Review: Impulse, season 1

Maddie Hasson in Impulse

Impulse is an action-packed YouTube original. At its heart, it’s about sexual violence and assault. Wrapped around that heart is a blanket of mystery and sci fi about special powers. It’s a compelling combination, and very well done.

Maddie Hasson stars as 16 year old Henrietta ‘Henry’ Coles. She and her mom Cleo (Missi Pyle) have been living in Reston, New York, for a couple of months. Cleo has a habit of dragging Henry from man to man – all of them losers.

Matt Gordon and Missi Pyle in Impulse
Cleo and Thomas don’t really get what’s happening to Henry.

Right now they’ve moved in with Thomas Hope (Matt Gordon) and his teen daughter Jenna (Sarah Desjardins). Jenna and Henry get along pretty well, and Thomas isn’t as much of a loser as most of Cleo’s previous men. So things are semi-stable for a while.

Then something inexplicable and uncontrollable happens to Henry. Henry has seizures. That isn’t the inexplicable part. I’m getting to that.

Henry gets upset at school because of a teacher (Kristian Bruun) who jerks her around and abuses her. She has a seizure right then.

Daniel Maslany in Impulse
Townes recognizes Henry’s ability immediately. I certainly see a family resemblance between Daniel Maslany and that other Maslany I enjoy so much.

A kid in the classroom, Townes (Daniel Maslany), notices things moving in the classroom during the seizure. No one else seems to notice. But Townes realizes that Henry can move objects with her mind. He tries to talk to her about it. Townes is an awkward kid socially, but very smart. Even so, Henry isn’t buying what he’s convinced is true. She tries to ignore him.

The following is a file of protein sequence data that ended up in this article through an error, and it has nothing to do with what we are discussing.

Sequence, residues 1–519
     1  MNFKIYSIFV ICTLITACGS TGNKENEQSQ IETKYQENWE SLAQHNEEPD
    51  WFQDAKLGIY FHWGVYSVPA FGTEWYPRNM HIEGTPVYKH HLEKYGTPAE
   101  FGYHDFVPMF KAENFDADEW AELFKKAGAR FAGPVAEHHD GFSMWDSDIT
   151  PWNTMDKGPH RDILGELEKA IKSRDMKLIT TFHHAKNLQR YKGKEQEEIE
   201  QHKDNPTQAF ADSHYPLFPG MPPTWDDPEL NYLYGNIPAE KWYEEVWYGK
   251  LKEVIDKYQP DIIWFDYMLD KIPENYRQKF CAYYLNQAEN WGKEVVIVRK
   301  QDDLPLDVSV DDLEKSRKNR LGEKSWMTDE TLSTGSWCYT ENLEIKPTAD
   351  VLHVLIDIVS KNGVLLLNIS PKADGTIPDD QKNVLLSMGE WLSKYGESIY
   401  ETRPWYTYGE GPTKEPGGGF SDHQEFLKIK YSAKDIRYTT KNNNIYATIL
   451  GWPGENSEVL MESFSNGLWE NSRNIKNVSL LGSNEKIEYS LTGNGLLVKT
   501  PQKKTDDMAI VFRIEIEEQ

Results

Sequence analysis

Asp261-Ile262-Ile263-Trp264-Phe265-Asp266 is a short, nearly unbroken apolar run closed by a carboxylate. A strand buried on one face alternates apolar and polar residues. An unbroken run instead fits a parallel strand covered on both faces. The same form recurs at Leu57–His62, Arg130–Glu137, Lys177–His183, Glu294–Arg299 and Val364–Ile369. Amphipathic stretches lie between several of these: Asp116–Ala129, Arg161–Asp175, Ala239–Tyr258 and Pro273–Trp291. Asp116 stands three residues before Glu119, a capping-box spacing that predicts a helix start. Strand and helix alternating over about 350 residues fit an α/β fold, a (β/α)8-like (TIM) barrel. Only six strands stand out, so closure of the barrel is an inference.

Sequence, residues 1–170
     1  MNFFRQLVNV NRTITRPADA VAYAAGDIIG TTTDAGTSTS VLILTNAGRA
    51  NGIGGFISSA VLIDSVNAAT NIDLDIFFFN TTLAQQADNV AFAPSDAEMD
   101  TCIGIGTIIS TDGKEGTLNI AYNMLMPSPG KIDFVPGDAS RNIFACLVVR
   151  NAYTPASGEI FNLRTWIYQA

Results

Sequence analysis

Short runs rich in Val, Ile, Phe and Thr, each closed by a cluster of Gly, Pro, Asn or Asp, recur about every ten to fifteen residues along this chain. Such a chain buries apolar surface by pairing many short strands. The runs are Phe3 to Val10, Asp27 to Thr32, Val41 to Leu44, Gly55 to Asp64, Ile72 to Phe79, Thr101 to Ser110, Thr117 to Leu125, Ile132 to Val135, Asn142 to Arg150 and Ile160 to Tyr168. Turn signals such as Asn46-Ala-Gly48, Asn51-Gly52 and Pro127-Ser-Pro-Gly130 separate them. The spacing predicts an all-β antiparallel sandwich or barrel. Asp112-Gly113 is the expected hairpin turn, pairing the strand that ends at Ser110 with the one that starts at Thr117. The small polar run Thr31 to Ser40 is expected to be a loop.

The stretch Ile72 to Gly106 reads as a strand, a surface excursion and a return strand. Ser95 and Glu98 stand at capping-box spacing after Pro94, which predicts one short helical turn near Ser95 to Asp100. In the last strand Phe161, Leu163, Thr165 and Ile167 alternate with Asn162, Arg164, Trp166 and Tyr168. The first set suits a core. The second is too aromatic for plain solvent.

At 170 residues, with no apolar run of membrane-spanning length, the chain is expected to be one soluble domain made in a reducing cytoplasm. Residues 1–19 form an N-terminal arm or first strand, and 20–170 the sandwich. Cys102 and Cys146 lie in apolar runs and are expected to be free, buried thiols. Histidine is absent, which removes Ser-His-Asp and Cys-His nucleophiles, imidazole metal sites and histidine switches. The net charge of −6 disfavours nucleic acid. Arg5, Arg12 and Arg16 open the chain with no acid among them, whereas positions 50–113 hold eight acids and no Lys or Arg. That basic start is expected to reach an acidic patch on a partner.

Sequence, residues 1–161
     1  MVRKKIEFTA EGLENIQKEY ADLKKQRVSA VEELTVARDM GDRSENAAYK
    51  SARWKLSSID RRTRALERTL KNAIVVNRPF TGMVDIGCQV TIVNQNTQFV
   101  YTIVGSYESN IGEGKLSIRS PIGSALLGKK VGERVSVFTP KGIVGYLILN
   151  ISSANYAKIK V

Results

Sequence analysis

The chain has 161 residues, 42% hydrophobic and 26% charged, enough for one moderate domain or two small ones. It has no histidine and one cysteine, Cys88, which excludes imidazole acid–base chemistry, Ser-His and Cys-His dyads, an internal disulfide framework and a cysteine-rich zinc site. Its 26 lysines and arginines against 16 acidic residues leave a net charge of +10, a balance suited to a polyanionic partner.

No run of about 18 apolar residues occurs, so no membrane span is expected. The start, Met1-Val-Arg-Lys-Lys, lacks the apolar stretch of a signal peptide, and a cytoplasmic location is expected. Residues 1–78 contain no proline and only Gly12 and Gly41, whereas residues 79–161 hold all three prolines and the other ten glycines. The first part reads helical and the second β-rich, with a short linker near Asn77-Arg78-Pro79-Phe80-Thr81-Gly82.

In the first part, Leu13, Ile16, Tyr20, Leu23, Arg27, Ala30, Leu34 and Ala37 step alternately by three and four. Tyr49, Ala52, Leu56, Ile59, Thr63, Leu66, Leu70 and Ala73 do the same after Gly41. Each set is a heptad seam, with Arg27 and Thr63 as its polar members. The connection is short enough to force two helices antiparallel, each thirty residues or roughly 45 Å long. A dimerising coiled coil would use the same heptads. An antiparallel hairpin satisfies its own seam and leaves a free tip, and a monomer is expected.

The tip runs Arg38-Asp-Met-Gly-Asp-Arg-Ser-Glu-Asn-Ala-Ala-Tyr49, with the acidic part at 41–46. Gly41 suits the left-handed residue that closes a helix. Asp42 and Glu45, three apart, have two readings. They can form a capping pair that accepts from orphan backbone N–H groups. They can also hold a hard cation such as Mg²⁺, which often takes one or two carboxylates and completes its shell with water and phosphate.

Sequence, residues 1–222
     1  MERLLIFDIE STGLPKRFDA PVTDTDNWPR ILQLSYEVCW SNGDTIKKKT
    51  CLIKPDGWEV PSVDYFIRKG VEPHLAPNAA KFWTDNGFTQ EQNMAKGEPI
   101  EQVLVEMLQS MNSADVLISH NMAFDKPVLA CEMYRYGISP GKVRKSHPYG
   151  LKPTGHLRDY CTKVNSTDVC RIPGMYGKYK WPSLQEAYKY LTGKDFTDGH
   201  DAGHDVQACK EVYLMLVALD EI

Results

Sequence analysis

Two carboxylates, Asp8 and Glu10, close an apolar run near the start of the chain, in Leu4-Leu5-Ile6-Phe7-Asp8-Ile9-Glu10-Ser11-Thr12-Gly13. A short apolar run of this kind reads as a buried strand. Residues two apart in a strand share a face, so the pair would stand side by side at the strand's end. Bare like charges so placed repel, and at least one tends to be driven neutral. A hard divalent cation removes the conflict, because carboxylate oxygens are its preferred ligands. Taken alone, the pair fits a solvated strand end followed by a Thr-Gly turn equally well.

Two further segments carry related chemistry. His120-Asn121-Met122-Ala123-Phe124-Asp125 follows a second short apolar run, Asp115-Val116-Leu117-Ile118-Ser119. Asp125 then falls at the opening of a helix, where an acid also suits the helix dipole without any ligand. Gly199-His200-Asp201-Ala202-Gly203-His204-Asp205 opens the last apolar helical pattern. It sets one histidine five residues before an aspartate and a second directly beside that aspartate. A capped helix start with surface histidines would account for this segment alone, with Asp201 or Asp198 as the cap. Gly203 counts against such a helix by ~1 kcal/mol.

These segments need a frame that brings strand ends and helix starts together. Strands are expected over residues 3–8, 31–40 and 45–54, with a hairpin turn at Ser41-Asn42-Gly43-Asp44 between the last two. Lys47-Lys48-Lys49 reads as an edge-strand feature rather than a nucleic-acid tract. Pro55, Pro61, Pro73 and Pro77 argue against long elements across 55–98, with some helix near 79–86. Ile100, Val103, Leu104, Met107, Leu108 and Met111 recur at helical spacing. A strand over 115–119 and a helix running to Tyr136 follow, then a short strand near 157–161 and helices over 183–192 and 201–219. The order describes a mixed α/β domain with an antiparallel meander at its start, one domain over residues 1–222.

Thomas and Cleo decide Henry shouldn’t be driving because of the seizures. They sell her car to the local car dealer, Bill Boone (David James Elliott).

Maddie Hasson in Impulse
Rules mean nothing to Henry. Weed is her favorite thing.

Henry enlists the help of basketball hero Clay Boone (Tanner Stine) to steal her car back from the Boone family business. He does. He helps her hide the car in a trailer park. He’s going to drive her back home.

They park on the way home and begin making out. Clay gets aggressive, Henry says no. She tells him to stop, tells him he’s hurting her. He doesn’t stop.

Henry goes into another seizure. This one twists the truck into a tangled mess and breaks Clay’s spine. Suddenly Henry’s in her own bed with a huge hunk of Clay’s pickup in her hand. She can teleport. She doesn’t know how to control it, but it happens.

That’s the setup for the remainder of season 1.

Henry’s biggest issue is that she’s been traumatized by a sexual assault. She can’t explain to anyone that it happened because she can’t explain how she moved her body into her bedroom in a millisecond. She can’t explain the truth, so she lies about how the truck got wrecked to Bill Boone, which creates serious problems.

In every episode that follows, Henry tries to deal with the trauma she feels because of the near-rape while simultaneously coming to grips with her ability to teleport.

Sarah Desjardins in Impulse
Jenna turns into an ally for Henry. She’s hiding the fact that she’s as smart about science as Townes. She’s also hiding the fact that she likes girls, not boys.